As Canadians, we should know our maple leafs, right? After all, it’s on our flag. But do we know the differences between a sugar maple leaf and a red maple leaf? How about a silver maple or a norway maple? I did an exploration of my neighbourhood to find samples of maple leafs. I’ve posted pictures of them, along with hints on how to identify them.
The Red Maple (Acer rubrum) has leaves whose edges are not smooth, but are serrated. The leaves are 2 to 5 inches. Often triangular in shape, they have 3 to 5 lobes. The fall colour ranges from yellow, yellow-green, orange and red.
Below, are pictures of Sugar Maple (Acer saccharum) leaves. Notice the smooth edges. They are a bit bigger than red maples, being 3 to 6 inches. Also, they have three to five lobes. Their fall colours range from yellow to orange to red hues. Below is a lovely red and yellow one I found beside Queen Street in Toronto.
The Silver Maple (Acer saccharinum) leaves are also quite smooth, but their 5 lobes are usually more deeply cut. They are from 3 to 6 inches in size. Another distinguishing feature is the silvery underside which give this tree its common name. The fall colours are green, brown and yellow.
The leaf of a Norway Maple (Acer platinoides) is quite similar to a sugar maple; however, it tends to be wider than it is long. They are also often very large. A foolproof way of finding out whether it is a Norway maple is if during the growing season its leaves ooze a white sap when broken. Norway maple leaves tend to turn colour later in the season, and have less spectacular colour — a pale yellow. As well, like the leaf shown below, the Norway maple leaves are prone to getting black spots, a type of fungal disease.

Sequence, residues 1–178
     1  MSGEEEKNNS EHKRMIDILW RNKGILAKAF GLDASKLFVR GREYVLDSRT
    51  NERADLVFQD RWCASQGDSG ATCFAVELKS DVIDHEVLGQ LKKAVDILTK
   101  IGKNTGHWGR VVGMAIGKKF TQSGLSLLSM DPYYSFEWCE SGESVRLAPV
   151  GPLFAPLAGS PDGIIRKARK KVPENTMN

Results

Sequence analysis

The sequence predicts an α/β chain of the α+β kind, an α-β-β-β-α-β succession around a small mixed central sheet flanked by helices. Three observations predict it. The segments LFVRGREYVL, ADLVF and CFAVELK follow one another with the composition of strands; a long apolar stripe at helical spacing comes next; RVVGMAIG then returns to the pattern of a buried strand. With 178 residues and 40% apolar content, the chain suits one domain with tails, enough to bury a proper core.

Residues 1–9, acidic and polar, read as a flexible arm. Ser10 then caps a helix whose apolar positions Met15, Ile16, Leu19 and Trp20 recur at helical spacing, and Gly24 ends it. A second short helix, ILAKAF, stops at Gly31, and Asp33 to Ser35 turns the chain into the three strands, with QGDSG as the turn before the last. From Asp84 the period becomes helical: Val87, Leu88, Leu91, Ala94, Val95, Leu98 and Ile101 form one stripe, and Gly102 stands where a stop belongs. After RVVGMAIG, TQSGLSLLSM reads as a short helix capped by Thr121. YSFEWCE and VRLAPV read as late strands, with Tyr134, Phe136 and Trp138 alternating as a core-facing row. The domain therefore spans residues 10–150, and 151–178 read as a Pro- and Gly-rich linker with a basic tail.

The Autumn Blaze Maple hybrid tree (Acer saccharinum x Acer rubrum) is a cross between a Silver Maple and a Red Maple. The five lobes of the leaves are not as deeply cut as a Silver Maple’s, although it keeps the silver underside. The fall colour is scarlet orange, or red.
Leaf of a Manitoba Maple (Acer negundo) does not look like your typical maple leaf. Another common name for it is the ash-leaved maple — an apt name for this compound-leafed tree.
A less well-known maple is the Amur Maple (Acer ginnala). Its leaves are smaller (2-3 inches), have double serrated edges and have 3 lobes.
So that’s a quick primer on maple leaves. Now go out and look around for these leaves before they all disappear for the winter. During their leafless season, you’ll need to identify the trees by their bark and structure, which I find more difficult.
P. S. Which type of maple leaf do you think most resembles the one on our Canadian flag?